Oncogene Basics

By Sauber, Emily L.

DNA are chemical building blocks that carry genetic information needed for the cell to survive and divide. Genes are working units or parts of DNA that control our heredity. Genes are located with the cell nucleus on any of the 46 chromosomes found in humans. These genes carry the instructions or blueprints for making proteins, all of which have different jobs to do for the cell. Some of these genes may prevent cancer while others may help cause it. Sometimes changes occur within a gene. This is called a mutation. A great deal of research is being done to find out which genes may cause or prevent cancer.

What Is an Oncogene?

An oncogene is a mutated gene that contributes to changing a normal, healthy cell into a cancer cell. There are two types of oncogenes—inherited oncogenes and oncogenes found only in tumors.

Inherited Oncogenes

Inherited oncogenes are usually present at the time of conception. They can be inherited from either parent or from both parents. When a fertilized egg that carries the mutation divides, the mutation can be found in almost all cells of the body. Therefore, inherited mutations are found not only in tumor tissue but are also present in many other cells of the body. Only about five to 10-percent of people (or 5 to 10 of 100 people) who get cancer have this. A common inherited oncogene is called the RET gene. The RET gene is linked to multiple endocrine neoplasia, which is a cancer of the endocrine system.

Tumor-specific Oncogenes

All cancers are genetic in nature. This means that as cells grow and divide, if any genetic changes occur and make one cell grow too quickly, cancer can develop. Not all cells that grow and divide excessively turn into cancer. Sometimes they die. However, these genetic changes alone do not normally cause cancer. It usually takes another factor, such as sun exposure, diet, or smoking, for cancer to occur. When these cells divide and multiply, they will then genetically alter future cells. Genetic changes like this are found only in tumor tissue and not in other parts of the body. They are known as somatic mutations and are not inherited or passed on to children by parents.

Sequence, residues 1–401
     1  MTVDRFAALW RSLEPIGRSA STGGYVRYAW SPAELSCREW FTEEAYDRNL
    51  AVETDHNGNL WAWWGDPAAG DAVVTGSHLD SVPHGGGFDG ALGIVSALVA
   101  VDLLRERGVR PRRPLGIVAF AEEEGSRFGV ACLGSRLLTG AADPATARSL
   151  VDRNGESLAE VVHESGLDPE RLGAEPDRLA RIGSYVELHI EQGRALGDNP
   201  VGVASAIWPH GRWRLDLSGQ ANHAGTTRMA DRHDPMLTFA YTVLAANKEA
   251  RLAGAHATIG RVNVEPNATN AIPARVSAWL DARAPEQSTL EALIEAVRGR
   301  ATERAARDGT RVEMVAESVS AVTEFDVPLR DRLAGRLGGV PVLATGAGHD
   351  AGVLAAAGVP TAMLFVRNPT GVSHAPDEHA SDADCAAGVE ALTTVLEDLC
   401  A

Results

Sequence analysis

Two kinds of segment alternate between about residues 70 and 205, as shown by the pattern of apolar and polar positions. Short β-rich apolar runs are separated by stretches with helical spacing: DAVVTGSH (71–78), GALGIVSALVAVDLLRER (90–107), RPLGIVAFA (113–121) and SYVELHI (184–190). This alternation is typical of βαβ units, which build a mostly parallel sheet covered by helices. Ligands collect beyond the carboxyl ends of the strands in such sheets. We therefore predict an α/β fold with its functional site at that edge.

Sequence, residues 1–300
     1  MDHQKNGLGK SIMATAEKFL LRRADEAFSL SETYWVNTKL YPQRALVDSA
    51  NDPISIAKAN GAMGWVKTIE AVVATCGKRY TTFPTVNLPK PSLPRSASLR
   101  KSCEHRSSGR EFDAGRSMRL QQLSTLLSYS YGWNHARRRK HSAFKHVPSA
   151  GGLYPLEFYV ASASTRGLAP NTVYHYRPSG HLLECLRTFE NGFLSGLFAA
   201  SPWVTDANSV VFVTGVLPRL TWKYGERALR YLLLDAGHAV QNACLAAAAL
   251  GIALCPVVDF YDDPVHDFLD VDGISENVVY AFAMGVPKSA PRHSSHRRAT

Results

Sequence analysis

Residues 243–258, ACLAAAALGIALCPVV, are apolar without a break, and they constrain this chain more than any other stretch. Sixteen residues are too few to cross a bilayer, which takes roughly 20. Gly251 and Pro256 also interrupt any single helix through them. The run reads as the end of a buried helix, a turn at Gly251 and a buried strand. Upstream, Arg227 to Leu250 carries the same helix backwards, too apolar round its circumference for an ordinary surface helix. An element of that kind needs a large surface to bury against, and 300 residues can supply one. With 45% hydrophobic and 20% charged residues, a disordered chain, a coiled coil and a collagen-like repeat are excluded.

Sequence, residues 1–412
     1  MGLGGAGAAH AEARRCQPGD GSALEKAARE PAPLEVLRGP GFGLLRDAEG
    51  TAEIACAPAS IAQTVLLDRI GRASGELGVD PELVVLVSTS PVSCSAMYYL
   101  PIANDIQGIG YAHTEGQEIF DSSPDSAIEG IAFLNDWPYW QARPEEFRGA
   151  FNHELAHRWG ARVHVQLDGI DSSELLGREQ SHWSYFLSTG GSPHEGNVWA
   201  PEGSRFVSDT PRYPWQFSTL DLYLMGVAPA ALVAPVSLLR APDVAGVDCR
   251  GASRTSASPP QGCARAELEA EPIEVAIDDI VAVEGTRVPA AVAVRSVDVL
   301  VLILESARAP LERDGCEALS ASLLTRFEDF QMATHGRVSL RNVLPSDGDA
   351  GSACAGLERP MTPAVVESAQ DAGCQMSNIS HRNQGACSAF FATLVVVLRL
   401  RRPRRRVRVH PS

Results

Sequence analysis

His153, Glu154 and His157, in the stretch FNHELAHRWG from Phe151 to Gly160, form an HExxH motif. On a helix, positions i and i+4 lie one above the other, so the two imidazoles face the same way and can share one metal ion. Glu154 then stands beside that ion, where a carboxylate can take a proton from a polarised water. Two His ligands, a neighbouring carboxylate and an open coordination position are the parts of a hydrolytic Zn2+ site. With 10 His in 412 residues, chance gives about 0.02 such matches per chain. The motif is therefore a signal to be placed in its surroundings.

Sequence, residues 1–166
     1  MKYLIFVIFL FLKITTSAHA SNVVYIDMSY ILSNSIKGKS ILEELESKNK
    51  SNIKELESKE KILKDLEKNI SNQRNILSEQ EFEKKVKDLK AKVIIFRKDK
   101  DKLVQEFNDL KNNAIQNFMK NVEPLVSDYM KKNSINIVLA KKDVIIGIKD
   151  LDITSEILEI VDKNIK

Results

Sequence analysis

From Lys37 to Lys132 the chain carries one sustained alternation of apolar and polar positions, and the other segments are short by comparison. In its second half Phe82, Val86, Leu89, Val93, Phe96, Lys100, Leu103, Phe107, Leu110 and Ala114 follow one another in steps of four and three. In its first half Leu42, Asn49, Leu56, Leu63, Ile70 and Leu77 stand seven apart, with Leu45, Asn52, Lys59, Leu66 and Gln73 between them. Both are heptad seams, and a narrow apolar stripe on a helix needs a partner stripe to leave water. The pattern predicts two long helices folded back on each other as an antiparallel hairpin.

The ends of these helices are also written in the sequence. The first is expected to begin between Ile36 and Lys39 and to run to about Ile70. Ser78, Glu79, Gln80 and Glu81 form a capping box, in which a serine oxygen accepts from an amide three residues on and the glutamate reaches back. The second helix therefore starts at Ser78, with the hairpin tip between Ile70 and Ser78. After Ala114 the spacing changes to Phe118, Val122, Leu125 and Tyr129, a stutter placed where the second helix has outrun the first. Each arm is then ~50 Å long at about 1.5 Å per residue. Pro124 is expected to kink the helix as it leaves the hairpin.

Some common oncogenes found only in tumors are ABL, HRAS, KRAS, and MYC (see table). As scientists learn more about them, these oncogenes may be used to help doctors plan a patient's cancer treatment. They may also be used to predict prognosis.

How do you know if you are at risk for an inherited form of cancer? There are several questions a person can ask to see if they are at greater risk for an inherited form of cancer. They include:

1. Did any members of the family get cancer at an unusually young age for that type of cancer? (For example, 45 or younger for breast cancer and younger than 50 for colon cancer)

2. Do several relatives on the same side of the family have the same type of cancer?

3. Is there a clustering of cancers known to be caused by a single gene mutation in the family? There is a clear genetic link between certain types of cancer, including breast and ovarian; colon, uterine, and ovarian; and melanoma and pancreatic. These groupings are known as clusters.

4. Has any person in the family had more than one type of primary cancer? This is important if the cancers they had are within the same cancer cluster (such as breast and ovarian). Primary cancer is different from a cancer that has spread or metastasized. Primary cancer is a new cancer that did not spread from another part of the body.

5. People of certain ethnic backgrounds are at greater risk for some types of inherited cancer mutations. For example, people of Eastern European Jewish ancestry are at greater risk of carrying one of the breast/ovarian cancer genes.

Common Oncogenes Found in Tumors

Tumor-specific oncogene

Cancer(s) to which it is linked

BRCA1

Breast and/or ovarian cancer

BRCA2

Breast and/or ovarian cancer

RAS (also called HRAS)

Several types of cancer. In roughly one-third of all cancers, the RAS gene is mutated so that it tells cells to grow.

MYC

Burkitt's lymphoma (a rare type of lymphoma that mostly affects children in central Africa but that has been seen in other places).

BCR-ABL

Chronic myeloid leukemia (CML)

MSH2

Colon cancer

MSH6

Colon cancer

MLH1

Colon cancer

CDKN2

Malignant melanoma

HPC1

Prostate cancer



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